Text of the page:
Skip to main content

Educators Need More Than ‘Hustle’, Have To Also Be A ‘Hustler’

      Anyone in education should know that it’s hard work.  In addition to the expectations, demands, versatility and creativity, there is supreme emotional strength needed to survive and be successful.
      We’ve all heard over and over since our youth things about ‘hard work,’ ‘early bird gets the worm,’ and more.  Like in all professions, there are those that deliver and those that don’t.  In some ways, it’s really that simple.
      What teachers and educators need to learn is to be a ‘hustler.’ That’s right.   Learning and winning with students is a game.  Those that learn to play the game, and play it well, will rise above any adversity thrown at them by government bureaucracies, students, parents, colleagues or other.
      Again, educators need to become ‘hustlers.’  This doesn’t have to be the negative street connotation, but rather about those that learn that all systems can be mastered, legally and ethically, to get them to work for you.  We have to play and maneuver at high levels of passion, expertise, confidence and purpose.

      What happened to the definition of ‘hustler’ that was good that was defined at one time as “an enterprising person determined to succeed; go getter”?  We let the more negative definition or connotations take over.
      In terms of school, how does this work?  Well, which classrooms seem to have the best resources and the ‘extra stuff’?  Well, the teachers that are ‘hustlers.”  Which classes and programs get grants?   Those that have educators that are ‘hustlers.”  Who gets great field trips together?  Those that are ‘hustlers.’  Who figures out how to integrate and incorporate technology even though they may not be experts?  Those that are ‘hustlers.”  Who gets great guest speakers?  Those that are ‘hustlers.’  Who learned long ago to not have their career defined by a single standard, assessment or experience?  Those that are ‘hustlers.”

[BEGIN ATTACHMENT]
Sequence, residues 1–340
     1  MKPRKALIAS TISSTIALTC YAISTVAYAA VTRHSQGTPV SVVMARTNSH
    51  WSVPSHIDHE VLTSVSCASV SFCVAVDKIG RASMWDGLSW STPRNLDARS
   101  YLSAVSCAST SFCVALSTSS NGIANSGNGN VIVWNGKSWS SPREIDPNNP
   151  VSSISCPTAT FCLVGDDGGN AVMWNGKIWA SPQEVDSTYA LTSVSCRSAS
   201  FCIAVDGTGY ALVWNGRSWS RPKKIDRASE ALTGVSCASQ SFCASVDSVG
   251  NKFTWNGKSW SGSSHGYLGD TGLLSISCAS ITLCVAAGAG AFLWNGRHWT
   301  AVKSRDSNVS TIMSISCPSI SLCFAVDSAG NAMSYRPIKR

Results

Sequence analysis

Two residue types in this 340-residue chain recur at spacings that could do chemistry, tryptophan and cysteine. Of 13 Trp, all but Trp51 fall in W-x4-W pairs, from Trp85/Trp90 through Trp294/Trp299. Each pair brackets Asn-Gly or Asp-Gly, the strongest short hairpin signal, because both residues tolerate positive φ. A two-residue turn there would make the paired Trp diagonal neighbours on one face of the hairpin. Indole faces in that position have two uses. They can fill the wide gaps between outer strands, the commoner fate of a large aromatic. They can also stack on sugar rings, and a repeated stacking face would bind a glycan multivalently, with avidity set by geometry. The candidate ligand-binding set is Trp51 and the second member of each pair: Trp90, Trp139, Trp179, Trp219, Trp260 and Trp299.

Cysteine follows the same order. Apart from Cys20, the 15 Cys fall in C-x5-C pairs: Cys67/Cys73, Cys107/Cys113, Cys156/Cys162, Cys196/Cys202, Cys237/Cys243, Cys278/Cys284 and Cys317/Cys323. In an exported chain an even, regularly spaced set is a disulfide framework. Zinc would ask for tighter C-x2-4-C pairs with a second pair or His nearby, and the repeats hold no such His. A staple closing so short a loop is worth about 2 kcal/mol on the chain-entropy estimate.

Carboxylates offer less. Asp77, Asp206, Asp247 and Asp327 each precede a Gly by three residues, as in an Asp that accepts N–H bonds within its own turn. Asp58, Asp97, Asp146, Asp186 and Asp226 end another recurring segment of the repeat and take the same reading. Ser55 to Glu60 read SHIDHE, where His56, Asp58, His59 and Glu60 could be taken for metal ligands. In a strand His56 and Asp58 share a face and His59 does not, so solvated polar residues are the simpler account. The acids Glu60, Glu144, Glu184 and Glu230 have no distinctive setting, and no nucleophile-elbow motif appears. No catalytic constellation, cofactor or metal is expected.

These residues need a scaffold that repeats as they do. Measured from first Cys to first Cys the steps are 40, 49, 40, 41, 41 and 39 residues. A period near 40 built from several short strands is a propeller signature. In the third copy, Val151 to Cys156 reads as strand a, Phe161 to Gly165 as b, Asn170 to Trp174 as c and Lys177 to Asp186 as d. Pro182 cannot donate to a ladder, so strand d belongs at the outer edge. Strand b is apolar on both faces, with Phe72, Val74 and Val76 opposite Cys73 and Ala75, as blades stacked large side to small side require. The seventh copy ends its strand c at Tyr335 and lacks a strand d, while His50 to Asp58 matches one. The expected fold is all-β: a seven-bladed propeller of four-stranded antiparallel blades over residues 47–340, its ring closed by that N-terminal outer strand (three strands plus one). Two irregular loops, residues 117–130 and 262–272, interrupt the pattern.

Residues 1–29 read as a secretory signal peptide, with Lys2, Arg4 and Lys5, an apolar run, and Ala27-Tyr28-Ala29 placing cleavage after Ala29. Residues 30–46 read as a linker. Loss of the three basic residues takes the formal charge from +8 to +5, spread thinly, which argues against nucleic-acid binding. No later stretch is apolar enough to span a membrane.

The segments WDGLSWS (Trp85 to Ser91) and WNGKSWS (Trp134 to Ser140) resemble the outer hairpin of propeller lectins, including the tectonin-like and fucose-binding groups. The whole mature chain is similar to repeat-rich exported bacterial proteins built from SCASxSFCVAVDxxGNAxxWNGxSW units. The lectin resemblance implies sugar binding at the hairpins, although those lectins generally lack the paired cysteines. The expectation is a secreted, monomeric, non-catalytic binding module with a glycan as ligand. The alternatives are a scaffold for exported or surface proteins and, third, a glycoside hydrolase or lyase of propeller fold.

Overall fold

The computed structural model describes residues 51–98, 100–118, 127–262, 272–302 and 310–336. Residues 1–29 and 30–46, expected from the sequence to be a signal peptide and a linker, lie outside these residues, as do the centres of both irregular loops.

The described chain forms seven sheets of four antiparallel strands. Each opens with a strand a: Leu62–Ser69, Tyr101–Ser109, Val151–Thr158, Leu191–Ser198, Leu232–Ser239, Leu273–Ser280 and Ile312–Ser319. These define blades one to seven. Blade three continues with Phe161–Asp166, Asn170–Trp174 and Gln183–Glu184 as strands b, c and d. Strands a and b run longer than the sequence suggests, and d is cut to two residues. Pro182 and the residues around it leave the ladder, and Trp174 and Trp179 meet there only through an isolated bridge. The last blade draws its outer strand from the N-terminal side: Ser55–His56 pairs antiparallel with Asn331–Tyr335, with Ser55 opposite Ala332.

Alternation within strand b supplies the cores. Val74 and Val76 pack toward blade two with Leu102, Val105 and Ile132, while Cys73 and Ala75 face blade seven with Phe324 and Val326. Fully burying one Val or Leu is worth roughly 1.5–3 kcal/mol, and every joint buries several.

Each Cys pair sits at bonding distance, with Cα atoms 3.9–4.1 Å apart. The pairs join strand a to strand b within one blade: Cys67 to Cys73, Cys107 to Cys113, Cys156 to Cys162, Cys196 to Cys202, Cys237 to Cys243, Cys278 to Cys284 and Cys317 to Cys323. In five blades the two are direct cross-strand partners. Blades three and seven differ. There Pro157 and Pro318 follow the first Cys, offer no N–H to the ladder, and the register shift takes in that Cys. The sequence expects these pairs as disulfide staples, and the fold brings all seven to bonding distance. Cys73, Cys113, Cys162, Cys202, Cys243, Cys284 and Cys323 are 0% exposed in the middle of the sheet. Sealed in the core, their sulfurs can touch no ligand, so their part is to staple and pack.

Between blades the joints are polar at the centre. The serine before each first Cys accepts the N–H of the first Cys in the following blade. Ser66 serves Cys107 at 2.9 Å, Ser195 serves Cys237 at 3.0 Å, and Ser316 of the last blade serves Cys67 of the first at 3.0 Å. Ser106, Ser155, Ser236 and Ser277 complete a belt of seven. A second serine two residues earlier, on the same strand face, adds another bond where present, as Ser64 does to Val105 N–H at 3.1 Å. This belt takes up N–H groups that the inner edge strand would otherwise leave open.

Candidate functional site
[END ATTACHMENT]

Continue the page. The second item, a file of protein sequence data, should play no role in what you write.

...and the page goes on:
Get the idea? If educators wait for the system, the school boards, the leaders to make things better, they will wait too long.  Don’t get me wrong.  We need great leaders, school boards and better systems.  They make a huge difference. 

     But good teachers and educators need to realize that they have to work above and beyond those.  They have to take their situation and maximize or optimize it.  They don’t wait for others to bring them cool stuff for their students, bur rather they go get it.  They don’t wait for others to get them funds or support, but rather they go get it.  They don’t wait for others to take them to training or professional development, but rather they go get it.  They don’t wait for others to reform education, but rather they become the reformers. 
      In all professions, those that ‘hustle,’ or become ‘hustlers,’ in all the right ways, are the ones that lead and are successful.  We need educational ‘hustlers’ more than ever.


Popular posts from this blog

Five Ways To Make All Students Into Lead Learners (Teachers)